A Pakistani intelligence officer paid $200,000 to an extremist network to facilitate a deadly suicide bomb attack on CIA operatives at a base in Afghanistan in 2009, according to a declassified U.S. government document obtained by an independent research group.
The heavily redacted document obtained by the National Security Archive, a nongovernmental research institute at George Washington University, suggests that Pakistan's spy agency, the Inter-Services Intelligence directorate, and the Haqqani network were involved in facilitating the attack.
The Dec. 30, 2009 attack on Forward Operating Base Chapman in Khost in eastern Afghanistan, carried out by a Jordanian doctor who was working as a double agent for al Qaeda and the Taliban, was one of the most devastating in the history of the Central Intelligence Agency, killing seven and wounding six.
The document, dated February 2010, said an unidentified Pakistani ISI officer provided $200,000 to Haqqani and another man "to enable the attack on Chapman." An Afghan border commander in Khost was promised $100,000 of the money to facilitate the attack but died in the bombing, it said.
A spokesman for Pakistan's embassy in Washington did not have any immediate comment.
Because the document is heavily censored, it is not clear whether it represents an intelligence agency consensus or fragmentary reporting. One line, which has been crossed out, says: "This is an information report, not finally evaluated intelligence."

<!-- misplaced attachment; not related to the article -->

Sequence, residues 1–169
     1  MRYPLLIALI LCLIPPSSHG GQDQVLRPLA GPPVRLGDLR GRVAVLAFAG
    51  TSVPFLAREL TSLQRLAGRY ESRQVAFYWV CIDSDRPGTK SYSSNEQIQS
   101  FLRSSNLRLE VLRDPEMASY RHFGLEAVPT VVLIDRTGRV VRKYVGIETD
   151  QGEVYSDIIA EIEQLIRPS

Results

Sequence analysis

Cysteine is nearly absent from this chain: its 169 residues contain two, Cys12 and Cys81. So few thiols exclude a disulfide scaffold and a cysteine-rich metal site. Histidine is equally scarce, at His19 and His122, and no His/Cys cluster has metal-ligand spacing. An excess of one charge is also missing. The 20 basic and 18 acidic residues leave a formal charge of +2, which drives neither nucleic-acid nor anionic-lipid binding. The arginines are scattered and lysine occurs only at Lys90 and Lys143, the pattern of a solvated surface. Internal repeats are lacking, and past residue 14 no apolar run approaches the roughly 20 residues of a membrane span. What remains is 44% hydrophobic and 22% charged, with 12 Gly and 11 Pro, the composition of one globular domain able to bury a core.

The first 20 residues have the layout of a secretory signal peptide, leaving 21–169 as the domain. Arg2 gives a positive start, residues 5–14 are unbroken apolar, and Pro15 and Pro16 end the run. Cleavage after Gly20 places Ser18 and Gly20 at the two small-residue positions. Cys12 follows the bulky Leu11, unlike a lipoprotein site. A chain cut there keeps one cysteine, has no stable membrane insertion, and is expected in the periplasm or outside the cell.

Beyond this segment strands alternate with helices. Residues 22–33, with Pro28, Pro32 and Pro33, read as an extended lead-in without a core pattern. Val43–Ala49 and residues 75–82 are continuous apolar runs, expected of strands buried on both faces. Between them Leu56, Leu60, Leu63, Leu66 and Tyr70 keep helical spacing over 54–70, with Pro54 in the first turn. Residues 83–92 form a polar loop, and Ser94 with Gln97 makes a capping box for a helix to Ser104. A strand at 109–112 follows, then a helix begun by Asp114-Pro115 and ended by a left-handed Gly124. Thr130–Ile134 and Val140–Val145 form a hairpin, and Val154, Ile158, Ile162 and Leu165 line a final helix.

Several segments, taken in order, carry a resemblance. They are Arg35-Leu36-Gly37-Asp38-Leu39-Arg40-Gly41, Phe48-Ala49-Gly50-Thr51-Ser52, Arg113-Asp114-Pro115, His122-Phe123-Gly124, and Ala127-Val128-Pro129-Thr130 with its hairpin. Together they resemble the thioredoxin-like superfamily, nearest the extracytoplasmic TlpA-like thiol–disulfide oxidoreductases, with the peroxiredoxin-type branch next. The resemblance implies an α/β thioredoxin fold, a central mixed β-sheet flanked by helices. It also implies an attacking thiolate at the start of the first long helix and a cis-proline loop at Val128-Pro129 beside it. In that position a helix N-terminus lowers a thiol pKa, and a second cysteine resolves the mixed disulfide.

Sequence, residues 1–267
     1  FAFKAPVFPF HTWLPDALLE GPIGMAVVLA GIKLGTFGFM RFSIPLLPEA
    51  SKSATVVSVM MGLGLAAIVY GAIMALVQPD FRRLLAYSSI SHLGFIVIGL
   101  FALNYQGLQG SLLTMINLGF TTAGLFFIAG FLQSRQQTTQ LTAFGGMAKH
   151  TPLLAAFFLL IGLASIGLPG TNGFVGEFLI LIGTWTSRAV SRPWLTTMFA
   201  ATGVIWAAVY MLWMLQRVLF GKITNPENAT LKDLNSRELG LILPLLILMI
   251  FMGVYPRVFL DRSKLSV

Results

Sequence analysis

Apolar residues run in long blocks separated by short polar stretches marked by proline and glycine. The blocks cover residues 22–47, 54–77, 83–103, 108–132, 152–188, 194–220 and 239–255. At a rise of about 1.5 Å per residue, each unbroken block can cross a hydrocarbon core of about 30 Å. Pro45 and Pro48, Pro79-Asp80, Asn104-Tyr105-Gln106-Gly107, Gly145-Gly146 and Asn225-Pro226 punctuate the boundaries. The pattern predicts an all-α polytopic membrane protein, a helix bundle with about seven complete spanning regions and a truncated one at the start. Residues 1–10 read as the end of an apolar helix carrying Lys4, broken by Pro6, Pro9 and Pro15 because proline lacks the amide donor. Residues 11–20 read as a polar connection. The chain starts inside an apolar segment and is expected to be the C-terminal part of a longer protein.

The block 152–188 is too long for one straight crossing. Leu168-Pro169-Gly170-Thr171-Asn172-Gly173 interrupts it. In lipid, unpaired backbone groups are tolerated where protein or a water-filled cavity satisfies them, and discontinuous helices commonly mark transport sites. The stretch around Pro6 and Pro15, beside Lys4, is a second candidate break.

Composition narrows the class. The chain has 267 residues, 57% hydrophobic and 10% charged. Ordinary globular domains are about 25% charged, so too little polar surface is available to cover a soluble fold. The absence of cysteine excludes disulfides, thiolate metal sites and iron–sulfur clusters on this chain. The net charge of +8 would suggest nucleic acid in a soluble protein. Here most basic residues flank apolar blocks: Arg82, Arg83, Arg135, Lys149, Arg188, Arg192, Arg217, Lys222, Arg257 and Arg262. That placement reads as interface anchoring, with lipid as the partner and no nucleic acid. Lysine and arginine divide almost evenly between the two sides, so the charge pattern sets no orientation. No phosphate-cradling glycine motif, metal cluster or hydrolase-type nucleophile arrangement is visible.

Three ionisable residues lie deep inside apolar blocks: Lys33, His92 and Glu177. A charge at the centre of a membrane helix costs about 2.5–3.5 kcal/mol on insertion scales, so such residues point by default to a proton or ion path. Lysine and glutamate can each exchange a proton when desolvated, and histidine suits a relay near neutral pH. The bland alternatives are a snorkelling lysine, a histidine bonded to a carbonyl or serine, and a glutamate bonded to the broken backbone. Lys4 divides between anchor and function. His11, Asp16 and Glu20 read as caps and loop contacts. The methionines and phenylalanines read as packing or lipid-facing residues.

The document is almost entirely redacted - except for two passages discussing the ISI's alleged involvement in the attack at Forward Operating Base Chapman.
The United States in 2012 designated the Pakistan-based Haqqani network as a terrorist organization. The year before, U.S. Navy Admiral Mike Mullen, then the top U.S. military officer, caused a stir when he told Congress that the Haqqani network was a "veritable arm" of the ISI.
The declassified U.S. government document can be found here: (here
The National Security Archive, which works to challenge government secrecy, obtained the document under a Freedom of Information Act (FOIA) request.
Lauren Harper, who reported on the documents for the organization, said the initial FOIA request had gone to the U.S. State Department. The State Department forwarded the request to the Defense Intelligence Agency, which released the redacted papers.